the spectacled black joy: an interrogation of cynicism

questions about joy & blackness in the social media age.



yesterday, i preached for the first time in several months. it was both redemptive and liberative since i have had a very protracted journey in realizing my call to ministry - which included having a former pastor tell me i wasn’t called simply because i don’t have male reproductive organs.


after service was over, a young, Black girl - maybe around the age of 12 - came to me and said “i am going to preach like [you did] one day.” and it hit me. like a gutteral jab. like an onslaught of warm cement careening down my soul. like a purpose i’d yearned to fulfill flying into the back of my throat like an unsuspecting fly i met while riding my bike in open-mouthed wonder.


it was joy. an unusually unfamiliar yet spectacular joy.


after all, when i set out to pursue theological education - leaving my family and my home - i told myself that one day i would be in the position to stand before little Black girls and show them who/what i had desperately wished i had seen in the church growing up. so, when the young lady spoke her aspiration to me, it was a divine confirmation and consolation for the years of doubt and damage i waded through in the aftermath of being denied a chance at self-actualization.


but. beyond such a special moment shared with a beautiful, young hopeful, something else about the exchange ripped off a layer of skin that i had been unaware was even a-peel on the surface.


it was the question of joy in the midst of cynicism. it is easy to see how much joy - particularly Black joy - has been cropping up as a response and a resistance to the cultural production of evil (def’n: the ways in which a society can produce misery and suffering in relentlessly systematic and sublimely structural ways).


and certainly, unbridled and unbothered Black joy has many revolutionary properties - especially, when there are enterprises dedicated to Black death and destruction. yet, i wonder if all spectacular joy must be transported into spectacle? is the antidote for cultural productions of evil, cultural productions of joy?


“certainly...Black joy has many revolutionary properties - especially when there are enterprises dedicated to Black death & destruction. yet, i wonder if all spectacular joy must be transported into spectacle?”

i suppose the answer lies in the why and the who. if taking pictures, capturing videos, and posting media of Black people enjoying varying levels of contagious laughter and fun is intended to encourage others (particularly, other Black people) to pause from the daily dose of micro-aggressions, racist behaviors, and structures of white supremacy, then so be it. but if sharing Black joy on social platforms is to help nullify the fullness of our experiences as Black people in the aftermath of the enterprise of slavery, i’m wholly uninterested.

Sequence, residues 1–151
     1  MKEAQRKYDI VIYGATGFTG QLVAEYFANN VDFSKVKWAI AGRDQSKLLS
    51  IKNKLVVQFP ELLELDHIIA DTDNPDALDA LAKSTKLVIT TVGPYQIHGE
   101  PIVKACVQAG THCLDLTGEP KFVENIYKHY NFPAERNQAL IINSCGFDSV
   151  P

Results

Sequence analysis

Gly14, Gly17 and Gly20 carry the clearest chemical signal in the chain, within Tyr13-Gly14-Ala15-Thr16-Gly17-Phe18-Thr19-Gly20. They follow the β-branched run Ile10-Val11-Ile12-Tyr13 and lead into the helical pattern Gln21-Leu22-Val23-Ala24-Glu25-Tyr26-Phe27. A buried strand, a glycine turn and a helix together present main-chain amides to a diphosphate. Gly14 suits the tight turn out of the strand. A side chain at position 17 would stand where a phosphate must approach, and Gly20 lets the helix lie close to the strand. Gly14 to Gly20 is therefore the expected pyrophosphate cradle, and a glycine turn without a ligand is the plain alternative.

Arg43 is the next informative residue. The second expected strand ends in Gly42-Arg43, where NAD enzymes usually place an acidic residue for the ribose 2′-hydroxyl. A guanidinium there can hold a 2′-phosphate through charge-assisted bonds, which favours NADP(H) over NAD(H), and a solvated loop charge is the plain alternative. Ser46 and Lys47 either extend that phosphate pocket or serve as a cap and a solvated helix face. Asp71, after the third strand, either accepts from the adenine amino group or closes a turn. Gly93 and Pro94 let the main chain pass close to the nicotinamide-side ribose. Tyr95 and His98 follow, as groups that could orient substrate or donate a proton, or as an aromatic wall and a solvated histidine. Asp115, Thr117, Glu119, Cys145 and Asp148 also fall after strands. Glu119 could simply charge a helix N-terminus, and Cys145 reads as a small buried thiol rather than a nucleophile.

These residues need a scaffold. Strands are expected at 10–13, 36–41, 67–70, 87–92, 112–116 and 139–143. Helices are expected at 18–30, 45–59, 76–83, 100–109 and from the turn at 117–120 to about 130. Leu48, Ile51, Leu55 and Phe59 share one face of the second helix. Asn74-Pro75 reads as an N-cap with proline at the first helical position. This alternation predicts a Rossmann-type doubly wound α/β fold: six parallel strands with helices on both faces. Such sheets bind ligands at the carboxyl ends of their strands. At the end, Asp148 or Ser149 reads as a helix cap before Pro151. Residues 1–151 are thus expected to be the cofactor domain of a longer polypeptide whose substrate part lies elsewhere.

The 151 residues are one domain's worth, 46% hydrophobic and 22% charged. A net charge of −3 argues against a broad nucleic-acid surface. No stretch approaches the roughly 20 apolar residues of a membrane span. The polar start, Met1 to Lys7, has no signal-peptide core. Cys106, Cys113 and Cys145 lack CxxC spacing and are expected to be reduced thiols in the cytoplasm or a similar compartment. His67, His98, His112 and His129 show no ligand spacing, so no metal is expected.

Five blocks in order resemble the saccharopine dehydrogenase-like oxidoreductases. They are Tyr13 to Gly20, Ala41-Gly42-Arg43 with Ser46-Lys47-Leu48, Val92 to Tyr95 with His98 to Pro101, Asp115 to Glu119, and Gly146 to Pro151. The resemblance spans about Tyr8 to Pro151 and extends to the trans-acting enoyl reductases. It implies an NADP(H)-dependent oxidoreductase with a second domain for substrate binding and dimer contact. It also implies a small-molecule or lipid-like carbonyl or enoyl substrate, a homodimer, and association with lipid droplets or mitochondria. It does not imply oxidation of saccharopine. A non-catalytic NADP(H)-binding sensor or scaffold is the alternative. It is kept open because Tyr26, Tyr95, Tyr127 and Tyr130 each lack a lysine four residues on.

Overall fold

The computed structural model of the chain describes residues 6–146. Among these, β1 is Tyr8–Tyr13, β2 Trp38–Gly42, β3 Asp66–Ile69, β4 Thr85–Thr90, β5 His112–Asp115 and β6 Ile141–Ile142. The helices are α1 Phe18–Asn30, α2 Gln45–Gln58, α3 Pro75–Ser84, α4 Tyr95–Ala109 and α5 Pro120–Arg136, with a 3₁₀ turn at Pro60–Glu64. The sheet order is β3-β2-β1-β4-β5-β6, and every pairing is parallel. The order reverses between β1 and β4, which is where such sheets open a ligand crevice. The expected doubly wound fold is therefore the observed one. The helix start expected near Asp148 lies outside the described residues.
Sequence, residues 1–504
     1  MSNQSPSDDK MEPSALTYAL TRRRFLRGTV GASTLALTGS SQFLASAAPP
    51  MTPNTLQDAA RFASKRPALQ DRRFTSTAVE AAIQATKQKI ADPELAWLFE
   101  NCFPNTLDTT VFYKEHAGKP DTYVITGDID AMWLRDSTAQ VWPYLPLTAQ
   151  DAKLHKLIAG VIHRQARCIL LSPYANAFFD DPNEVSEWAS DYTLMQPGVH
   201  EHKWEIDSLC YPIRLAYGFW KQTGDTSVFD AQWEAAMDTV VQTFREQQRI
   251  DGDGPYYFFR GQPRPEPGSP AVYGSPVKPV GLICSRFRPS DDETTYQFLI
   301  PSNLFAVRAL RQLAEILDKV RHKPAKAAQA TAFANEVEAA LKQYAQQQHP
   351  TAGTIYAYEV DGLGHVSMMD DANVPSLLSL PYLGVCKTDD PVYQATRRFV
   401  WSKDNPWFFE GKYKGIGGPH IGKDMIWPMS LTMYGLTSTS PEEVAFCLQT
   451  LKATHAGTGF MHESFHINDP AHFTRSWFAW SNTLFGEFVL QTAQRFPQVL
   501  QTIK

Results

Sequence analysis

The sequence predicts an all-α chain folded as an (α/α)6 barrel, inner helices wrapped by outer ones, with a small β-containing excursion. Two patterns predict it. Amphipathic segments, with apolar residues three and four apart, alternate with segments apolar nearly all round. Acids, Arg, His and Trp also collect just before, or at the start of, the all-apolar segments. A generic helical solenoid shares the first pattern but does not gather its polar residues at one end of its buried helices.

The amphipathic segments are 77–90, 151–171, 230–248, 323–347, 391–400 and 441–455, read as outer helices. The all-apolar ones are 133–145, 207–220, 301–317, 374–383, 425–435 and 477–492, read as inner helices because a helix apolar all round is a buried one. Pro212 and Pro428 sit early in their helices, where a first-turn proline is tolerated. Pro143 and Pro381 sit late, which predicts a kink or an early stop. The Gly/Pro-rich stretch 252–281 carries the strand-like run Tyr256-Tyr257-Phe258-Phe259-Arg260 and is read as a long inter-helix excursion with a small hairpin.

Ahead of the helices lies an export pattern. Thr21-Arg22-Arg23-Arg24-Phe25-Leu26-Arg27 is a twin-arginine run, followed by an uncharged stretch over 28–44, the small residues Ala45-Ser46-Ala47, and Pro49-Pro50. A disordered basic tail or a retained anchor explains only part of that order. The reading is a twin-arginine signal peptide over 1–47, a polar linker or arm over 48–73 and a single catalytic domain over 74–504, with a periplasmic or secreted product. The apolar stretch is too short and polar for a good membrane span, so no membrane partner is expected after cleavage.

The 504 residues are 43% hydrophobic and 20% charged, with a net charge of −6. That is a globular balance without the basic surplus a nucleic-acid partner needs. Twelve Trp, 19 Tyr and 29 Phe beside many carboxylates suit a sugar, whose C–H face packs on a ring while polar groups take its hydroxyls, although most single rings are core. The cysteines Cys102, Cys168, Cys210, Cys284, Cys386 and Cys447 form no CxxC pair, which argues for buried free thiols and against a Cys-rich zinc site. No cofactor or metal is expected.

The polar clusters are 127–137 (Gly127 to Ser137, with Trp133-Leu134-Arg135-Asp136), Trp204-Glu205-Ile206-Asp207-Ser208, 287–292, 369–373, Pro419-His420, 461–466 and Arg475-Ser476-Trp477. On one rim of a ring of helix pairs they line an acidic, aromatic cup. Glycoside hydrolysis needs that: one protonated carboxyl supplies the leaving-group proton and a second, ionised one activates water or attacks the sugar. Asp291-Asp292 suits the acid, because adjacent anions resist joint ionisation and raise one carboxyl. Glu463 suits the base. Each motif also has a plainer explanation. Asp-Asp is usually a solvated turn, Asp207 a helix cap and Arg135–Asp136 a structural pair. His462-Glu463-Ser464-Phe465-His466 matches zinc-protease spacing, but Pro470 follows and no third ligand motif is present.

something about using Black joy in that way, feels exploitative. sporadic. and, almost disingenuous. a quick hit/fix in a world constantly soaked in sadness and suffering.


what is more, i long for a spectacular joy that creeps up, creeps in, and wants to be kept a sort of sacred secret - doing the intense work of countering years of self-protective cynicism that has eroded bits and pieces of my sense of wonder. and, comforted me into believing nothing will change about the ills we are facing as a society.


and, i think that’s the point - the reason the interaction with the young girl at church slapped me so forcefully. because there are some forms of joy that are meant to be healers of the soul; reserved for intimate conservation - not public consumption. this is not to say that sharing Black joy is erroneous. however, we must understand that choosing a self-serving joy is also holy work.


“there are some forms of joy that are meant to be healers of the soul; reserved for intimate conservation - not public consumption. this is not to say that sharing Black joy is erroneous. however, we must understand that choosing self-serving joy is *also* holy work.”

therefore, i send these notes of caution to cynicism and all the other imps & isms that have shrouded my sense of being as of late:

  • i am intentionally filling my well with a joy that will erase the defense mechanisms cynicism/imps/isms have tethered into my psyche.

  • i am putting forth a conscious effort to find myself in awe instead of approaching life with critique

  • i am healing - one day at a time - all that has crushed my soul and demanded me to smile and nod the next day


thank you to my friend and colleague, Karla Felecia Scaife, whose original post inspired me to interrogate what has been impeding my joy. I invite whoever reads this to do the same. write a letter to the imps that confine and restrict your breath. and challenge yourself to find a selfish joy that belongs to nobody else but you.


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joyfully mine,

-shh

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